Land of Terror

Chapter Twenty-One

Edgar Rice Burroughs

AS THE WARRIOR ant was about to seize U-Val, he struck at it with his stone knife severing one of its antennae; and at the same instant I leaped upon it from the side, driving my knife into its abdomen. Instantly, it turned upon me, trying to seize me in its mandibles; and U-Val struck again, piercing one of its eyes, while I drove my knife home several times in quick succession. The creature rolled over upon its side, writhing and floundering; and we had to beat a hasty retreat to escape the menace of its powerful legs.

The other warrior ant approached its fellow and felt of it; then it backed away, apparently confused; but in some way it must have communicated with the other ants in the room for immediately they became very excited, running hither and thither but finally converging upon us in a body.

They were a menacing sight. Their utter silence, their horrible blank, expressionless faces carried a sinister menace that is indescribable.

The creatures were almost upon us when there was an interruption from above. Rocks and debris commenced to fall into the chamber from the ceiling; and, glancing up, I saw that something was tearing at the opening and enlarging it rapidly. One of the honey-pots fell to the floor and burst. A long, furry nose was thrust through the opening in the ceiling, and a slender tongue reached down into the chamber, licking up the ants, as more of the ceiling fell in to add further to the confusion which suddenly seized them. They seemed to forget us entirely; and immediately there was a scramble for the opening leading into the tunnel. The ants crawled over one another and jammed the entrance in panic; and constantly the great tongue licked them up, and more of the ceiling fell in.

U-Val and I ran and crouched close against the wall at the far side of the chamber in an effort to escape the falling boulders, while above us the beast tore away with powerful claws as it sought to enlarge the opening.

The long, powerful tongue sought out every comer of the room. Twice it passed over our bodies; but each time it discarded us as it sought for more ants. When there were no more left, the tongue and the head were withdrawn from the great hole that the creature had made in the top of the ant-hill.

The chamber was filled with debris that reached to the edge of the great rent in the ceiling. It formed an avenue of escape; and there was not an ant in sight.

“Come,” I said to U-Val, “let’s get out of here before the ants recover from their confusion.”

Together we scrambled up the pile of rubble; and when we stood again in the open there was not an ant in sight; but there was a colossal ant bear, as large as an elephant, digging at another part of the hill. In appearance the creature was almost identical with the South American ant bear because of the enormous ants upon which it fed.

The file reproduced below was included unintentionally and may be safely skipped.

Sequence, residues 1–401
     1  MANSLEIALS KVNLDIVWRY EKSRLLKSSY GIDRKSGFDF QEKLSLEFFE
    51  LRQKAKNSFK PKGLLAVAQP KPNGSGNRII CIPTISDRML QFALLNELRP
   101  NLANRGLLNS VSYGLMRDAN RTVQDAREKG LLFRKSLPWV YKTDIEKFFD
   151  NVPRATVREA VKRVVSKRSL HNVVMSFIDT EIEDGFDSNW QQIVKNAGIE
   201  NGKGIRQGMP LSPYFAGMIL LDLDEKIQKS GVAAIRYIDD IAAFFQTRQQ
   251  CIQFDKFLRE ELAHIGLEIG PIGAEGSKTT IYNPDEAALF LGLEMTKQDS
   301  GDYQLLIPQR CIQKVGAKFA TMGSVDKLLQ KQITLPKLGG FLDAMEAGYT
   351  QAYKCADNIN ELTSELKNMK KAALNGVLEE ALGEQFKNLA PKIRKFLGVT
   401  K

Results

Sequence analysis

Perry and I had often speculated upon the amazing similarity between many of the animals of Pellucidar and of the outer crust; and Perry had formulated a theory to explain this which I believe is based on quite sound reasoning.

It has been quite clearly demonstrated that at some time in the past, tropical conditions existed at what are now the Arctic regions; and it is Perry’s belief that at this time animals passed freely through the polar opening from the outer crust to the inner world; but be that as it may there was a great ant bear, and to it we owed our lives.

Animated by a common impulse, U-Val and I hastened away from the ant hills and down toward the ocean; and I may say that I never left any place before with a greater sense of relief, not even the village of Meeza, King of the Jukans.

At the edge of the surf, U-Val stopped and gazed out across the ocean, shading his eyes with his hand as he strained them into the distance.

As I followed his gaze I was suddenly struck with a change in the seascape since last I had seen it.

“’That is strange,” I said.

“What?” demanded U-Val.

“The last time I looked out across this water, there were islands out there. I saw them distinctly. I could not have been mistaken.”

“You were not mistaken,” said U-Val. “They were The Floating Islands, of which Ruva is one.”

“And now you will never see your own country again,” I said. “That is too bad.”

“Of course I shall see it again,” said U-Val, “that is, if I am not killed as I am going to it.”

“But even if you had a boat, how would you know in what direction to go?” I asked.

“I will always know where Ruva lies, no matter where it is. I do not know how. I simply know.” He pointed. “Beyond the range of our vision it lies directly there.”

Now here was a new phase of that amazing homing instinct which is inherent to all Pellucidarians. Here was a man whose country floated around aimlessly, possibly, upon a great ocean, at the mercy of tide and current and wind; yet no matter where it might be U-Val, given means of transportation, could go directly to it, or at least so he thought. I wondered if it were true.

The point on the coast at which U-Vat had left his canoe was in the direction that I had intended going; so I went with him to look for it.

“If it is not there,” he said. “I shall have to build another; and while I am doing it, Ruva will have drifted much farther. I hope that I shall find my boat.”

Find it he did, where he had hidden it among some tall reeds in a tiny inlet.

U-Val said that he had to make a number of spears before attempting the long journey in search of Ruva. He said that he should probably be attacked many times by sea monsters during the trip; and the only weapon that he could use against them with any degree of success was long spear.

“We shall have to have many of them,” he said.